To right of the front desk is the quaint (rather small) lobby lounge, replete with all Roche Bobois furniture, including my favorite Mah Jong sofas. To partition the space from the vast front desk/bar area is a custom steel bookcase and self-serve water bar.  The all-glass back wall of the lounge overlooks the pool at the back of the hotel.  Providing some privacy to the pool guests is another matching steel bookcase that houses curiosities.  Though the voyeur in me enjoys the pool view, if I were a guest at the pool, I would appreciate a bit more privacy but maybe that was in the intent – to be provocative.

In fact, look no further than the lobby level bathrooms as another example.  These bathrooms share a unisex sink area, a la my beloved Pastis in New York (the first place I saw this done years ago).  Personally, I think this idea is very cool, definitely a bit edgey and irreverent, while being quite practical in terms of reducing the amount of area and fixtures required for bathrooms.  Beyond the concept, I think the bathroom is very well done, and of one of the best designed spaces.  There actually isn’t much too it: concrete trough sink, ceramic tile walls, downlighting, slab mirrors and farmhouse faucets.  But, the total effect is beautiful in its simplicity, though much thought went into the design, such as the right type of tile to provide enough texture, the right type of lighting to highlight the wall, the strategically placed mirrors to allow focus on the walls, and the rustic faucets (for brand and for budget).  And by the way, for those who are worried, the toilet compartments are marked for men and women and feature solid, full height, locking doors (with a glass transom along the very top).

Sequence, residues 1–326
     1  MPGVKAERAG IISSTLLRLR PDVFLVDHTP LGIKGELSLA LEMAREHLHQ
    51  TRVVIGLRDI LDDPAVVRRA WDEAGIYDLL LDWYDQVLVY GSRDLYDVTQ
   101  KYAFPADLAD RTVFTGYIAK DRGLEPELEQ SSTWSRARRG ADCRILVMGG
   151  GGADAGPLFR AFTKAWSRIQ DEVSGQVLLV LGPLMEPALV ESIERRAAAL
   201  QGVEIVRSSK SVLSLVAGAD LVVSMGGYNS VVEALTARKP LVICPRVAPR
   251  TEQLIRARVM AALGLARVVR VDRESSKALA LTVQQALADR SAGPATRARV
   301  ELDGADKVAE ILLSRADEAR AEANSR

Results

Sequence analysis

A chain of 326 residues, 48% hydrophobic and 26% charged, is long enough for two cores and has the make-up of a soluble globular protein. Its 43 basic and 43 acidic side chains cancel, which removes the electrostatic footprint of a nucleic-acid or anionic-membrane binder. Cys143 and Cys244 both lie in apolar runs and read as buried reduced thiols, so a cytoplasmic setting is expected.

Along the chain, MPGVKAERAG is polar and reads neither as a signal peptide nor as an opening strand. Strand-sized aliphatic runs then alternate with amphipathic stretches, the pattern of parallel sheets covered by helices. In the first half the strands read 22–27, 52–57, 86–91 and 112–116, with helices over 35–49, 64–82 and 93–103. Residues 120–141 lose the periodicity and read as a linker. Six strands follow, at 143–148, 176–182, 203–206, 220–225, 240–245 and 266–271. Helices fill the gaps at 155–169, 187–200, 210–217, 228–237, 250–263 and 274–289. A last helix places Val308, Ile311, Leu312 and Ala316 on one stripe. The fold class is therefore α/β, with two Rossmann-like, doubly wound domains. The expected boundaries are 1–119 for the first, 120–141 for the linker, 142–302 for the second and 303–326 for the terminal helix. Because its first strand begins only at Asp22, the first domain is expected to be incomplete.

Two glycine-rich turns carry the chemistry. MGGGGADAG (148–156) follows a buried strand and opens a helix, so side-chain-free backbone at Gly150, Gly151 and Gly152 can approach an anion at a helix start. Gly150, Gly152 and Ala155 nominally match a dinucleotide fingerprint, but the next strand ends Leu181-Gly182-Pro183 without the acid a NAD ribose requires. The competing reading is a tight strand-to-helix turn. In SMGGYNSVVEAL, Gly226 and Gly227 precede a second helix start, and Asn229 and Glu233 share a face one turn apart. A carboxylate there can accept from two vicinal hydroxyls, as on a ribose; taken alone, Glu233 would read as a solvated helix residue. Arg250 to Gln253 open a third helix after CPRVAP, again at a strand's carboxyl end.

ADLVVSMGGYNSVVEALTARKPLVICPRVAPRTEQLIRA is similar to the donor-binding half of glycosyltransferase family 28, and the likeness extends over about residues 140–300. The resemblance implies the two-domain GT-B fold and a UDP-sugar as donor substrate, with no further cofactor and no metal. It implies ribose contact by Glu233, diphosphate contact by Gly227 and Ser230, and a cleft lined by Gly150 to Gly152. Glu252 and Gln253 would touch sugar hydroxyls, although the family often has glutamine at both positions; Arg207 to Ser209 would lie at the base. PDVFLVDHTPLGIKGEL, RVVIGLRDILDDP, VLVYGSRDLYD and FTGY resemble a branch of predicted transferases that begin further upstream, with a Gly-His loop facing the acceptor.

Aside from the front desk, lounge and bathrooms, the rest of lobby level (minus meeting rooms) is dedicated to the Spoonbar Restaurant, which rules the roost.  The restaurant design is a nice and minimal: solid cherry tables with upholstered indigo blue chairs atop polished concrete floors surrounded by walls of either glass, concrete or the outdoors.  The floors and drop-ceiling, clad with wood boards with “randomly” spaced slots for recessed lighting, are carry-overs from the lobby area.  So the look between the two spaces is continuous and integrated, although a bit one-note for me.